• G06F9/46Multiprogramming arrangements
    • G06F9/54Interprogram communication
    • G06F9/545Interprogram communication where tasks reside in different layers, e.g. user- and kernel-space

Abstract

An extensible definition of data exchanged between logical layered components of different platform hardware interfaces for management, configuration, and alerts and systems and methods for using same is disclosed. One embodiment is a mechanism for self-describing hardware and firmware components. An embodiment of the present invention is a system and method relating to a binary data definition and generic parser mechanism which allows efficient and runtime extensible definition of data exchanged between logical layered components of different platform hardware interfaces for management/configuration/alerting as well as providing generic basic input-output system (“BIOS”) and firmware data formats.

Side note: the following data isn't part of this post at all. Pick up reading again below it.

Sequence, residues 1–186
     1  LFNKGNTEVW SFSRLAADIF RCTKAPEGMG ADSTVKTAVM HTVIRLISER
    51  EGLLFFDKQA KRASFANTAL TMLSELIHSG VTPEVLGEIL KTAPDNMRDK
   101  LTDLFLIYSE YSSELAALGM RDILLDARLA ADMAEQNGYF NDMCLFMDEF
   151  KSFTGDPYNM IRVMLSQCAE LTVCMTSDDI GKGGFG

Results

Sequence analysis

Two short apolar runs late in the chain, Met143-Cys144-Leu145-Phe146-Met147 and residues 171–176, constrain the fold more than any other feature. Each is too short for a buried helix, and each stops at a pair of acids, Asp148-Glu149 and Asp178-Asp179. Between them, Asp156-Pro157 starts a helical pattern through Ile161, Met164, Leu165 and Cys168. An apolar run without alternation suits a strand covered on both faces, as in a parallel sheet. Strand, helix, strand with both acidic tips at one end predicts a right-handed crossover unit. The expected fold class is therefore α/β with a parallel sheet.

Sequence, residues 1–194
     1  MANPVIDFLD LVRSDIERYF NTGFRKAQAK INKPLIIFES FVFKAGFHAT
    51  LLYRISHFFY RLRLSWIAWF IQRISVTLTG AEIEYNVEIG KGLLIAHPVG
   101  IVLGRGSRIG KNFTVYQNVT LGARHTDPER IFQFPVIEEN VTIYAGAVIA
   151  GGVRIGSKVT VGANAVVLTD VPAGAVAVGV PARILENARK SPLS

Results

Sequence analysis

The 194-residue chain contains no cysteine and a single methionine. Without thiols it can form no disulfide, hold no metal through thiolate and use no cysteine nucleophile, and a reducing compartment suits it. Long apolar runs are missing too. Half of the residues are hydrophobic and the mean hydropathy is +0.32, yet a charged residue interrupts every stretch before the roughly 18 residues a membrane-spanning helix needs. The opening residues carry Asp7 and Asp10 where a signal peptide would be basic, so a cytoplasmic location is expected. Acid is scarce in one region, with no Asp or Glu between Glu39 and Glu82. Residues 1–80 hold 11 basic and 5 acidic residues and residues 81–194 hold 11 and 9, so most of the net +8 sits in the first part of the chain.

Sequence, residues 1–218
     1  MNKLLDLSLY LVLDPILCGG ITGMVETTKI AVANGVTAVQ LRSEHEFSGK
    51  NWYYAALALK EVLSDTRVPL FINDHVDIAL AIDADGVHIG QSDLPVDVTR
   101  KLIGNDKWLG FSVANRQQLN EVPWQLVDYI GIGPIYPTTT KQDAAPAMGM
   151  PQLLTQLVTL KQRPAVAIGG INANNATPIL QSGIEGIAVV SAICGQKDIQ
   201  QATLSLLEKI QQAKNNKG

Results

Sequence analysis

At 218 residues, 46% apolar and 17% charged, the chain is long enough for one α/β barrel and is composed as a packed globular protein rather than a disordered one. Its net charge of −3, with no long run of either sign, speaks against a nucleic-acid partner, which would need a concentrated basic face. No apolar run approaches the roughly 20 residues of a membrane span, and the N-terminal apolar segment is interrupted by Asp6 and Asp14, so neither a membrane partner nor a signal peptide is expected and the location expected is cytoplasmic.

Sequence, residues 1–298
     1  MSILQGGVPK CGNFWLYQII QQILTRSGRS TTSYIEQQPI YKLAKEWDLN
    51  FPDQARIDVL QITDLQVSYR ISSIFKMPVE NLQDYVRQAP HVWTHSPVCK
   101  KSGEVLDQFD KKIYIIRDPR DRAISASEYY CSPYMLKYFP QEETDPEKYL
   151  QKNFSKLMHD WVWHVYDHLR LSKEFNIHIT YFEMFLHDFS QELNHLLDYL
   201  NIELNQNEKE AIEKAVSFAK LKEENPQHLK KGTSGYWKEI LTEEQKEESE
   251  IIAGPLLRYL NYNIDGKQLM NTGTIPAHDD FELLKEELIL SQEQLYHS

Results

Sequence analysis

Description

    FIELD OF THE INVENTION
  • An embodiment of the present invention relates generally to computer systems and, more specifically, to an extensible definition of raw data formats exchanged between logical layered components of different platform hardware interfaces for management, configuration, and alerts and systems and methods for using same.
  • BACKGROUND INFORMATION